What are some of the top challenges with IoT technology, given the highly regulated scenario that hospitals operate in?

IoT has set in motion, a series of creative destruction that is going to radically change quite a few processes inside a hospital. Today all hospitals are moving into evidence based practice and those who are further along this path are able to provide better outcomes. No one wants to be left behind in this endeavor. Therefore, while the desire to get on the IoT bandwagon is very high, some of the important challenges which are yet to be fully sorted out are reliability, seamless interoperability and security amongst channels. Besides this, a very fast and resilient connectivity is necessary. All of this has been shown to work successfully in controlled conditions but yet to mature enough to be set out in the open in a large scale. At this juncture, regulation plays a vital role to keep things honest so that both healthcare institutions and the patient community is reassured. Innovation and regulation move at different pace and that will always be the case. But the promise it holds is so big, it is imperative for all players including the regulators to work and collaborate so that the benefits could then be passed on to both the practitioners and the patients.

What are some of your challenges of handling the huge treasure trove of data. Should it be handled on cloud platforms?

Yes, hospitals and healthcare sector are generating ever-increasing amount of data. Some of this is also required for various compliance purposes. With this mandatory need, organizations are looking at ways to further utilize it for multitudes of additional beneficial purposes. The sector at large, with its limited expertise and resources in IT is often found unable to keep up to manage this increase in a robustly scalable manner.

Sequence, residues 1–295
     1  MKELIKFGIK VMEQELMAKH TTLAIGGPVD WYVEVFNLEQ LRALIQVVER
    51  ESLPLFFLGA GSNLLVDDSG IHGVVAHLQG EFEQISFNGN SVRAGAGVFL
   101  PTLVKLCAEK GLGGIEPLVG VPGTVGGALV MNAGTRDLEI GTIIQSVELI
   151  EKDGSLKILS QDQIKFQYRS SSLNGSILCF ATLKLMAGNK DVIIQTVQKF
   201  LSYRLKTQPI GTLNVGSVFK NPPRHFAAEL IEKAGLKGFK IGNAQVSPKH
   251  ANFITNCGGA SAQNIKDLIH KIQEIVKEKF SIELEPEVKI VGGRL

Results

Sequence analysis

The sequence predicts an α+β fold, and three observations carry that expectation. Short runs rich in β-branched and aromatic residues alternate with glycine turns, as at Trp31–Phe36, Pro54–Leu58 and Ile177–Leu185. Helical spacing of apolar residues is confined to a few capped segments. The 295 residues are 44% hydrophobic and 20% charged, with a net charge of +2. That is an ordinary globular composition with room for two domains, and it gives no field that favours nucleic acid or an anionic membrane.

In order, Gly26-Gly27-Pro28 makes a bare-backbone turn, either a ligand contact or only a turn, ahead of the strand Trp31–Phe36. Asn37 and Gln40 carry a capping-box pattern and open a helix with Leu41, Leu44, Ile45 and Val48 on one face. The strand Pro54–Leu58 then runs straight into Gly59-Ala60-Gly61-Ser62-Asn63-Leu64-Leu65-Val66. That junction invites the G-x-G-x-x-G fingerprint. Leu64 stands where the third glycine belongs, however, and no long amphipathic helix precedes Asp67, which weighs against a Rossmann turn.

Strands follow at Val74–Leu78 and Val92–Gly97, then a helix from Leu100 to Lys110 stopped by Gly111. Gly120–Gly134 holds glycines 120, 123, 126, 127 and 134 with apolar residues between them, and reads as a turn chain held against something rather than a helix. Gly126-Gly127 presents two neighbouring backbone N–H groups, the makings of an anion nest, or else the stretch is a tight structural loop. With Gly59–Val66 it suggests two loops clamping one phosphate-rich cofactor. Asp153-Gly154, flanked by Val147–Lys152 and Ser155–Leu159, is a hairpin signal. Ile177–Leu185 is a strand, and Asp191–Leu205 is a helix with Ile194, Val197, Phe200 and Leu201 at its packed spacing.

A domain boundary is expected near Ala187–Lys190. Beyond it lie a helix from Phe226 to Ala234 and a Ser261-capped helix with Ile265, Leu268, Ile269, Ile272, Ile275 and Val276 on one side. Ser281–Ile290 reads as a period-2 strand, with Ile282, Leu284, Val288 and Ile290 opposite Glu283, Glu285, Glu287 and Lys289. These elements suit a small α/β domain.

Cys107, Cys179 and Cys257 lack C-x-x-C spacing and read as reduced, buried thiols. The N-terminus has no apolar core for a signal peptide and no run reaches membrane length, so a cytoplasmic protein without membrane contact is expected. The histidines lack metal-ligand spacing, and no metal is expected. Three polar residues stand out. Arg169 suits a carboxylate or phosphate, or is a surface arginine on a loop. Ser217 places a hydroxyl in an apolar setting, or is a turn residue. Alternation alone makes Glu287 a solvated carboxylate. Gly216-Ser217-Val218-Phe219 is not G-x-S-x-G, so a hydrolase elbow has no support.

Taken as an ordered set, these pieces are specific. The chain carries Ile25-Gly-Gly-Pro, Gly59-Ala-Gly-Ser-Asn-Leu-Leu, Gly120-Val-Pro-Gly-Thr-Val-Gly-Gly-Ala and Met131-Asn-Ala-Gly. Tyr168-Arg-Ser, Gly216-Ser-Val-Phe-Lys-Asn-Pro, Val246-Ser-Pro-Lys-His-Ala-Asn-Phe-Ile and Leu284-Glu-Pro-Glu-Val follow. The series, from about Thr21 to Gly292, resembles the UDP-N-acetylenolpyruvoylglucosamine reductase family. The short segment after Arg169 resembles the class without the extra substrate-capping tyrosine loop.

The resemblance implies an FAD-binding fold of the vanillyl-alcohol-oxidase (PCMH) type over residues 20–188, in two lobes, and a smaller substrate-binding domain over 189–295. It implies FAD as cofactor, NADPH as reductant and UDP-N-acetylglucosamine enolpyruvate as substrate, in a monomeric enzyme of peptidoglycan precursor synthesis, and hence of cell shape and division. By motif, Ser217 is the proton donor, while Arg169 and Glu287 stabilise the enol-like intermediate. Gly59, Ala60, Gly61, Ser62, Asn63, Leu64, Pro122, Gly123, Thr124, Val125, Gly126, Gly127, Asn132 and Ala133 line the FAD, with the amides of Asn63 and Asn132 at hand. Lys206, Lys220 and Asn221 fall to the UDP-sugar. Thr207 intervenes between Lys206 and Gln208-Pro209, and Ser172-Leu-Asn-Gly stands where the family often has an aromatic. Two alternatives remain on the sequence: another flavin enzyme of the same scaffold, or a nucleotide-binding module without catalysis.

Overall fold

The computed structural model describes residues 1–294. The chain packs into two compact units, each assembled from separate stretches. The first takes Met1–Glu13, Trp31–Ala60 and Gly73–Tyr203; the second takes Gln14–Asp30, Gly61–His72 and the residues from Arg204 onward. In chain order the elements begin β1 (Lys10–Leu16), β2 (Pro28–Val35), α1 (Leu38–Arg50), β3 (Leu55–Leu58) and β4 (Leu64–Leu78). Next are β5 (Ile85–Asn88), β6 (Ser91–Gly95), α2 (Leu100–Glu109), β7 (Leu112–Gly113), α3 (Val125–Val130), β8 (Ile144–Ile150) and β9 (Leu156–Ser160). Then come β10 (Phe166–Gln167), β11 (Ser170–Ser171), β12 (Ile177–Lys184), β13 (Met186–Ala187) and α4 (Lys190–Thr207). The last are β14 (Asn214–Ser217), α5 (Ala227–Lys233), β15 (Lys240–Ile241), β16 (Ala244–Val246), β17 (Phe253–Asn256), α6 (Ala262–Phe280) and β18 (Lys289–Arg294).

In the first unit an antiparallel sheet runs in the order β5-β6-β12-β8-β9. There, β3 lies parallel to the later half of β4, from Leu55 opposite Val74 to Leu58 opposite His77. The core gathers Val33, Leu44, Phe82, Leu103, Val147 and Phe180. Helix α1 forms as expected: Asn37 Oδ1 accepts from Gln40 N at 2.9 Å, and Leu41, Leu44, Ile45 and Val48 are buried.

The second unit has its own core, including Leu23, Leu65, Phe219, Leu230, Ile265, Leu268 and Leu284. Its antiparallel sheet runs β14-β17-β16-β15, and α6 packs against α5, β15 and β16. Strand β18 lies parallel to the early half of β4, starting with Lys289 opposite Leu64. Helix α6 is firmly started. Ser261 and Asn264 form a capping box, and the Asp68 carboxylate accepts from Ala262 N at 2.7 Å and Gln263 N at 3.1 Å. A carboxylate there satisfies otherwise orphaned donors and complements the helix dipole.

Cloud has definitely opened up a new possibility where most of the operational aspects in managing then becomes less onerous and is carried out by the cloud partner. However, public cloud is not the only option. Hybrid and private clouds are also choices to go with which may offer some other advantages. Additionally, OEMs are continuing to provide new technology and solutions that are making on premise an attractive alternative as well.

Where do you see the meeting of IoT and AI?

IoT has a symbiotic relationship with AI. Without it, it would be incomplete. The number of connected devices are set to explode in the near future and thus will result in a corresponding rise in data. This data, will result in only digital cacophony by itself. The AI platform is what is required to harmonize all of this and will transform the data into information, which can then be used to convert into meaningful and transformative outcomes.

Please discuss the security aspect in handling IoT devices?
Connected devices, wearables, IoT in healthcare will require a renewed focus on information security and confidentiality. Here too innovation for business outcomes is far ahead of vulnerability and security gaps which typically gets addressed later in the product life cycle. Information security and data protection is an ongoing exercise and it is essential to be continually engaged and watchful as hospitals and healthcare institutions have the fiduciary responsibility to maintain privacy. With the current state of IoT, with the size of the devices, miniaturization and ability, currently it would be prudent to assume that out of the box solutions will be deficient. Hence, additional layers would be necessary to ensure data protection and privacy. It was also the case at the dawn of the Internet age itself, couple of decades ago. However, heightened awareness and progress at the design stage itself is being made now. Over time, the risk would reduce.